Holt slides across diamond, makes pro debut at first

Holt slides across diamond, makes pro debut at first

BOSTON -- A day after manager John Farrell mentioned the priority of increasing Brock Holt's versatility, the red-hot left-handed hitter made his first career start at first base in Sunday's 4-0 win against the Rays.

In fact, Holt had never played an inning of pro ball at first base before Sunday's start.

With Mike Napoli on the disabled list and Mike Carp dealing with a fractured right foot, Farrell felt the occasion was right for the move.

"The way Brock has solidified the leadoff spot and handled the bat, we're finding ways to keep him on the field and keep his bat in the lineup," said Farrell. "We don't feel it's risky at all. He's a good athlete, he's a good infielder. Granted, there's been no experience at the position, but given where we are, we're not hesitant to put him there."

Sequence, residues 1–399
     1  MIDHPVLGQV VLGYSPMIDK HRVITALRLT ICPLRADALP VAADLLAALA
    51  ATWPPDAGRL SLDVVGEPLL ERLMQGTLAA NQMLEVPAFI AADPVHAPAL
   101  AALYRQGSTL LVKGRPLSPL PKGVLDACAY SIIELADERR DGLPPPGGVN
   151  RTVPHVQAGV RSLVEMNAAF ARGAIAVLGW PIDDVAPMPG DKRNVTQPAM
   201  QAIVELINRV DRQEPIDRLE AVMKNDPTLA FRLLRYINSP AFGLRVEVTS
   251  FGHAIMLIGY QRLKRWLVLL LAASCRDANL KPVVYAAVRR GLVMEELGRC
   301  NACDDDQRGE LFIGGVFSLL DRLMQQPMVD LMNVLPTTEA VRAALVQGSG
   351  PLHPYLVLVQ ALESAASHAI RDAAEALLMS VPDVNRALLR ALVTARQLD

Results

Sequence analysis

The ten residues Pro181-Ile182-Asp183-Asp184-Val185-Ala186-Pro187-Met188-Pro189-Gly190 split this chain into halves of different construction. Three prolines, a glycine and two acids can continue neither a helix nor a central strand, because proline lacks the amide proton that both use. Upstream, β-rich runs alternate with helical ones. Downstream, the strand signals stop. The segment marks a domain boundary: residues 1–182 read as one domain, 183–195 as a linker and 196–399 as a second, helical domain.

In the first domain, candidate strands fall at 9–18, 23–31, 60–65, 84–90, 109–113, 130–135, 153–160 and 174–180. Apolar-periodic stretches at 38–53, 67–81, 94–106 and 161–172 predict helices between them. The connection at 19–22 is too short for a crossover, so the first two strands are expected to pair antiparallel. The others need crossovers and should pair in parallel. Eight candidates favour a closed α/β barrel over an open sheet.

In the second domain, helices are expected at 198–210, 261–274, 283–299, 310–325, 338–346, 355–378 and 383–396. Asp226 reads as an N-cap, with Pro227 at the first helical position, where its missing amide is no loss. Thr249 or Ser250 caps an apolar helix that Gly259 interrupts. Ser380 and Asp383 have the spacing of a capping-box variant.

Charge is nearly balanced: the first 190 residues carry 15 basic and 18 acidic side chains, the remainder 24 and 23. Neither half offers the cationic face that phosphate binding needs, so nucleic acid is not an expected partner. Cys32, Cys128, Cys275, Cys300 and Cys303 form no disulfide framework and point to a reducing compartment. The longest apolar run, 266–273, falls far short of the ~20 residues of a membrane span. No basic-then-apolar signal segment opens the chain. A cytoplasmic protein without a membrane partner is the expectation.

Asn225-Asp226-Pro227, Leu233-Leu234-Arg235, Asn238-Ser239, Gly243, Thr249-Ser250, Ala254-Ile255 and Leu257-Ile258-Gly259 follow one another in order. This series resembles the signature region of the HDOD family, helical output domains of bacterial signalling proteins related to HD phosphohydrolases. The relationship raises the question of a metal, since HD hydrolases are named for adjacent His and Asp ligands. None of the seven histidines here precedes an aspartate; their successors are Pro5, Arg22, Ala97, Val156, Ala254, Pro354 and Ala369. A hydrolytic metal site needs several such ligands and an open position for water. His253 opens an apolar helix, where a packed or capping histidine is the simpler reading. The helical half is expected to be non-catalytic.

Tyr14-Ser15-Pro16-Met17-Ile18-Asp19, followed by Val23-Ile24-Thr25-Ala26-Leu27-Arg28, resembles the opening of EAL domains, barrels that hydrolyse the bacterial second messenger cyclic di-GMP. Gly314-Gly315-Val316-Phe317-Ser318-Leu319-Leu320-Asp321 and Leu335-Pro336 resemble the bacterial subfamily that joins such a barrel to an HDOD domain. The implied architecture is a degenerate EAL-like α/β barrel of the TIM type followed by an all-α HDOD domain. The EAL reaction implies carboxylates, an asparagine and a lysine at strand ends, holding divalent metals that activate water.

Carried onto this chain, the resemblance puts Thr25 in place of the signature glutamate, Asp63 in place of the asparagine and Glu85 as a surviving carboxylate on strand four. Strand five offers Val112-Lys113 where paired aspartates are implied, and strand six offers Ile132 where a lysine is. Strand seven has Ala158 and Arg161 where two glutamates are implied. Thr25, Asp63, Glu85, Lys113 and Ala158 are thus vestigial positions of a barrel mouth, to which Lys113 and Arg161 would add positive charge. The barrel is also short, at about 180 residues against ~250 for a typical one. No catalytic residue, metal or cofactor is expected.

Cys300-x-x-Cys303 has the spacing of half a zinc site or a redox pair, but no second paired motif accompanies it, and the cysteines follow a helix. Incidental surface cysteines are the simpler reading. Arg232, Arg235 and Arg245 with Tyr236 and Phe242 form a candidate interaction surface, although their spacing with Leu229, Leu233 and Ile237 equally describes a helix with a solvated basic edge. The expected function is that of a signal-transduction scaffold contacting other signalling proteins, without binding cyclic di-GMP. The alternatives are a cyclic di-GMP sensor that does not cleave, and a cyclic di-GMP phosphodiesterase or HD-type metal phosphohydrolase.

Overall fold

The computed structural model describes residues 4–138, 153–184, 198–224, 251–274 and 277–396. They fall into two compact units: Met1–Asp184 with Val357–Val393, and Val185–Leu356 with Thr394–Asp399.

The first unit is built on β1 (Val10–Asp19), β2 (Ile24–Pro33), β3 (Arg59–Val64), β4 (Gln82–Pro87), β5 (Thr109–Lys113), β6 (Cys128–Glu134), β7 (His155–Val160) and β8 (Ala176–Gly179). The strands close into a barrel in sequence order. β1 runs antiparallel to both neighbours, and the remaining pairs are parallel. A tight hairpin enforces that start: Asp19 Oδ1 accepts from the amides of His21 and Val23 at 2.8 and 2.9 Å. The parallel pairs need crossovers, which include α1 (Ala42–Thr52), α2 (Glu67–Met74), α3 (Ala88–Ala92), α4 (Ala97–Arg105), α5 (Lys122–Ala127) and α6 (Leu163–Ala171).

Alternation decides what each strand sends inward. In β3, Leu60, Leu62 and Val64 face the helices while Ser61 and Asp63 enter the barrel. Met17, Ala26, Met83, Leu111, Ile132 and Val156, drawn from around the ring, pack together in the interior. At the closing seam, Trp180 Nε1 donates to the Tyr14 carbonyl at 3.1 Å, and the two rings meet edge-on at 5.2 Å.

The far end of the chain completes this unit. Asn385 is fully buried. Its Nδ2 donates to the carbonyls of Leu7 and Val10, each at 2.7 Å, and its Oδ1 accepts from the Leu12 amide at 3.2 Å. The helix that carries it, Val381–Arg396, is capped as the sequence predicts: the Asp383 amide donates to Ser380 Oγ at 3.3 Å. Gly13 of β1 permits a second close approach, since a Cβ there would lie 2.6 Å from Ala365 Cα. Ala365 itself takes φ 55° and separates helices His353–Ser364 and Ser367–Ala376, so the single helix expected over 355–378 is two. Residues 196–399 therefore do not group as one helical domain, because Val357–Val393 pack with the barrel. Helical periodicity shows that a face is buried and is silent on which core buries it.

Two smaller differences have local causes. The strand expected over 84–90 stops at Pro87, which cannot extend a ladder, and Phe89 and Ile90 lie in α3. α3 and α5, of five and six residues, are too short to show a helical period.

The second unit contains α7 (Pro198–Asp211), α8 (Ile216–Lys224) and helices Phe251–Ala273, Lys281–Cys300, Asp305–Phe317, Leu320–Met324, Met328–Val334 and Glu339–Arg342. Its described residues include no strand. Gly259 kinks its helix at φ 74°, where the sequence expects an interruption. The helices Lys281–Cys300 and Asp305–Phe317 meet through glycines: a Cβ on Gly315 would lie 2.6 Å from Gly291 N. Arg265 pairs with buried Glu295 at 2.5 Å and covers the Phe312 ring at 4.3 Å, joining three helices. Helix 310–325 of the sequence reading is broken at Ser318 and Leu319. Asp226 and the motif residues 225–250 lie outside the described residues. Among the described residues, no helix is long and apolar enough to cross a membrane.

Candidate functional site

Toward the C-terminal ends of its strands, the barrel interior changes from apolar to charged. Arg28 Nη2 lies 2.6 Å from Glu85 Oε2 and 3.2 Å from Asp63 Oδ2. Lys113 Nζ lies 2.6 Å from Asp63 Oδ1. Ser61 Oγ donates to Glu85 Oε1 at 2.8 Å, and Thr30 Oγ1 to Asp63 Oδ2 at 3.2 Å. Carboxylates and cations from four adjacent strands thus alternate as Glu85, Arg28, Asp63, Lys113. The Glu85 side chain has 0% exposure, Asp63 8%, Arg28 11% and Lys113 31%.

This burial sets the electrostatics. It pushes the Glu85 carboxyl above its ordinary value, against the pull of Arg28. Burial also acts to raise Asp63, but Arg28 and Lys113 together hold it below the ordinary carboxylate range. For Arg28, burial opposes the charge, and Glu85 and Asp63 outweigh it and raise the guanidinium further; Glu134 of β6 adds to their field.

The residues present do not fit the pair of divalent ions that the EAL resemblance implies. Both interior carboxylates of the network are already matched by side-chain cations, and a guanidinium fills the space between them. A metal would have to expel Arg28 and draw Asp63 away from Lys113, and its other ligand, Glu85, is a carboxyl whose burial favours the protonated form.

Holt cleanly picked Kevin Kiermaier's grounder in the third and made a clean throw to Jon Lester at the bag to record the frame's first out. Holt was charged with an error in the eighth when he dropped a throw from Xander Bogaerts.

Holt spent time before the game working with infield instructor/third-base coach Brian Butterfield.

"It's more about just getting some reps prior to fielding a throw across the diamond," said Farrell. "And that's getting his bearings on where the bag is going to be as he's making his way over there to anchor himself so, yeah, a little bit of a crash course. He's a good athlete and a good player. Like I said, given where we are, that's the option today."

Holt saw his average jump from .305 to .337 as he notched four doubles and drove home two runs.

"I'm just trying to stick with my approach, getting ready to hit and putting a good swing on it," said Holt. "I'm seeing the ball well right now. Just going up there with some confidence, and like I said, put a good swing on the ball."

Ian Browne is a reporter for MLB.com. Read his blog, Brownie Points, and follow him on Twitter @IanMBrowne. This story was not subject to the approval of Major League Baseball or its clubs.